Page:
Level of Harmonization of Vietnam Accounting Standards with Ias/ifrs on Preparation and Presentation of Consolidated Financial Statements

By Binh, Ta Quang; Giang, Nguyen Phu et al. | Academy of Accounting and Financial Studies Journal, April 2018 | Go to article overview

Level of Harmonization of Vietnam Accounting Standards with Ias/ifrs on Preparation and Presentation of Consolidated Financial Statements


Binh, Ta Quang, Giang, Nguyen Phu, Van, Tran Hong, Academy of Accounting and Financial Studies Journal


INTRODUCTION

From the last decades of the twentieth century to the present, under the influence of globalization, the process of accounting harmonization and convergence in countries around the world has taken place more and more strongly. Also following this trend, in 1999, Vietnam started to study and prepare accounting standards based on two fundermental principles: (i) based on international accounting standards and (ii) suitable for the development conditions of the Vietnamese economy, Vietnam's legal system, qualifications and experiences in accounting and auditing. By the end of 2005, 26 VASes (Vietnamese Accouting Standard) were issued. However, since being formally adopted so far, although the content has had certain backwardnesses compared to IFRS (International Financial Reporting Standard), the VAS has not been amended and supplemented yet. Especially, the accounting standards related to business harmonization and financial statement preparation are guided by accounting standards and the following guiding circulars: the Circular No. 161/2007/TT-BTC dated 31 December, 2007, including the Guidelines for Implementation of Accounting Standard No. 11-Business harmonization and Accounting Standard No. 25-Consolidated Financial Statement and Accounting for Investments in Subsidiaries. Recently, December 22, 2014, the Ministry of Finance of Vietnam has issued the Circular No. 202 promulgating the accounting regime related to the business harmonization accounting and consolidated financial statement preparation.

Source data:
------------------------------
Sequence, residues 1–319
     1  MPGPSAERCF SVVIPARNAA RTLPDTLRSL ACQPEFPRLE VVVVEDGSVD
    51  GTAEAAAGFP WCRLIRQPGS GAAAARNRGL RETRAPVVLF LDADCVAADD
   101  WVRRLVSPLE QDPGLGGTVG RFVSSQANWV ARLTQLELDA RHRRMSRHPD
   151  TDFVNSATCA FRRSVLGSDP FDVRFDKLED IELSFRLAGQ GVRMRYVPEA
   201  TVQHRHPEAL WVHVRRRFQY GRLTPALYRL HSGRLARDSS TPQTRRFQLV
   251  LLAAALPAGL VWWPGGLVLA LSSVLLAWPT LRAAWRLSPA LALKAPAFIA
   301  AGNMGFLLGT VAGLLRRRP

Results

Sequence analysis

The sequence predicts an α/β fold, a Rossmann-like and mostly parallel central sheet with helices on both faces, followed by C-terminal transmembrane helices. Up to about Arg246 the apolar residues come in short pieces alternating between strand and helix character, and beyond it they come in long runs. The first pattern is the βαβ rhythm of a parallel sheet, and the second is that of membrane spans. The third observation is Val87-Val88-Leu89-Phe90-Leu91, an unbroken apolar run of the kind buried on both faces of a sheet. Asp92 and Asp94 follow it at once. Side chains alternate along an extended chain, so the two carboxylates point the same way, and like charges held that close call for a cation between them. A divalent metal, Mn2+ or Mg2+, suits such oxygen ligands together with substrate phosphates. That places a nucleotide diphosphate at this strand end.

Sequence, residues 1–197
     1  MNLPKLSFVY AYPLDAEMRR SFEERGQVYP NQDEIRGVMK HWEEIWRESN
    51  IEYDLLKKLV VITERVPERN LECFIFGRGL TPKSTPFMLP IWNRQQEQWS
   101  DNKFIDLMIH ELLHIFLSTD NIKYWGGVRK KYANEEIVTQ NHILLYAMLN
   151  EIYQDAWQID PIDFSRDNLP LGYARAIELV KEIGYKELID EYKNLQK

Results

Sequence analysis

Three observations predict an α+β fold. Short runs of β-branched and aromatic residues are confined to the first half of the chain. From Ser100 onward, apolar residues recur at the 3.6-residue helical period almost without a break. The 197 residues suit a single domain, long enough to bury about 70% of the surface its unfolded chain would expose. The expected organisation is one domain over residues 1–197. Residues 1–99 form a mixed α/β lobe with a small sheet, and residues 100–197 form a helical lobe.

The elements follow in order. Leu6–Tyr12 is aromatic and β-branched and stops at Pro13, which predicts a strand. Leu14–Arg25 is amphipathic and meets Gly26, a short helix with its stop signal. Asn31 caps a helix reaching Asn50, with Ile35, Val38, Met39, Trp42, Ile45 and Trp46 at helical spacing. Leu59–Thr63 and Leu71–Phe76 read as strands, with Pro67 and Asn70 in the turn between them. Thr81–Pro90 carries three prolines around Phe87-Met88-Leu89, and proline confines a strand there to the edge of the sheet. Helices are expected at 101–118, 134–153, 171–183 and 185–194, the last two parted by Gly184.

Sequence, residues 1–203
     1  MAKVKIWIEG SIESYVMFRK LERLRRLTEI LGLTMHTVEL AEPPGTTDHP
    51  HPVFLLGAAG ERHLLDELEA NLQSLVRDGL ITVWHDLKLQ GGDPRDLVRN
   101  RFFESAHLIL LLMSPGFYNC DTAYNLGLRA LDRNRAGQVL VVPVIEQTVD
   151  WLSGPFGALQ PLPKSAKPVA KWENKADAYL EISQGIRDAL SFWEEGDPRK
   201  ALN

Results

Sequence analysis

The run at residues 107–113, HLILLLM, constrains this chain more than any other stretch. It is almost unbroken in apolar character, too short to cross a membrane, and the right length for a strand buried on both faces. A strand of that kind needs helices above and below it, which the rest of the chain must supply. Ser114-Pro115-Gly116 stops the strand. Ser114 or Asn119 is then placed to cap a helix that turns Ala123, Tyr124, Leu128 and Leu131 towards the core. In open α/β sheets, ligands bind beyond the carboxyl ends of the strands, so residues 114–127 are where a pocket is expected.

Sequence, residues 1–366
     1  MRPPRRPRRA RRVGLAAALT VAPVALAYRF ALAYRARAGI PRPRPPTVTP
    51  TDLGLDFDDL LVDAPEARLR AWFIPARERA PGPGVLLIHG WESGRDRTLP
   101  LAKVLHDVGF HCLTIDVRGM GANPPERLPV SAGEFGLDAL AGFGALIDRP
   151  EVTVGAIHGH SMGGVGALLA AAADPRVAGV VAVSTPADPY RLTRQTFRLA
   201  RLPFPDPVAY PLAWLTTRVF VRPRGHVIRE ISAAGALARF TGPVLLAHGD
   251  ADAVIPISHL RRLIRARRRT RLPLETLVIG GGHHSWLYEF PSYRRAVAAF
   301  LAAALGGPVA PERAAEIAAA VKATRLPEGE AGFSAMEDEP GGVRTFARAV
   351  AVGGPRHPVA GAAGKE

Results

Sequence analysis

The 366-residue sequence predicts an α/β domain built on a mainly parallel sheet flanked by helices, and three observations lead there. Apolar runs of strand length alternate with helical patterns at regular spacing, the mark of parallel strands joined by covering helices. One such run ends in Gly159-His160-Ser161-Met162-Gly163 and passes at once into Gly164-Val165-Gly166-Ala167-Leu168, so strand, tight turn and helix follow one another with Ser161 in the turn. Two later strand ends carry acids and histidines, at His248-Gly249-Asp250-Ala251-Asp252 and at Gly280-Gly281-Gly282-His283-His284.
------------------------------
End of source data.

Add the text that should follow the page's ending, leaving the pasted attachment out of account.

It could be seen that the Vietnamese enterprises nowadays still prepare and present the financial statements (FS) in general and consolidated financial statements (CFS) in particular in accordance with the VASes not amended and supplemented yet. The amendment and supplementation of VAS by approaching the IAS/IFRS according to the roadmap that the Ministry of Finance is implementing might cause problems and loss of time and effort for both companies and relevant state agencies. Based on the viewpoint that the tendency of accounting convergence with IAS/IFRS is inevitable, studying the level of harmonization of Vietnamese accounting, firstly, in terms of CFS, would help clarify the gap between Vietnamese accounting and international accounting in two aspects: accounting standard and accounting practice; since, the solutions ensuring the process of convergence with the international accounting and also compatible with the reality at Vietnam could be proposed, which is urgent as the initial viewpoint on building the VAS system declared.

LITERATURE REVIEWS

CFS is Prepared and Presented in a Variety of Forms Based on Different Integration Theories

In the viewpoint of many researchers, the principles of preparation and presenation of CFS in the countries' accounting standards and and IAS/IFRS are often based on the basis of three fundermental harmonization theories: owner benefit theory, parent company theory and entity theory. The basic content of these theories could be summarized as follows:

Owner Benefit Theory (Proportional Harmonization Theory)

The owner benefit theory concentrates on the part belonging to the parent company in the subsidiary. This theory illustrates that the parent company only purchases a portion of the subsidiary; and only this portion needs to be reflected in the CFS (Shortridge & Smith, 2007). In other words, only the assets, liabilities, revenues and expenses of the subsidiary belonging to shareholders of the parent company are presented in the CFS; not the interest belonging to the non-controlling shareholder (Pacter, 1992).

Parent Company Theory

CFS, according to the parent company theory, is also known as full harmonization. When the harmonization is implemented, all assets, liabilities, revenues and expenses of the subsidiary, regardless of whether they belong to parent company or non-controlling shareholders, are reflected in the CFS (Davis & Largay III, 2006). …

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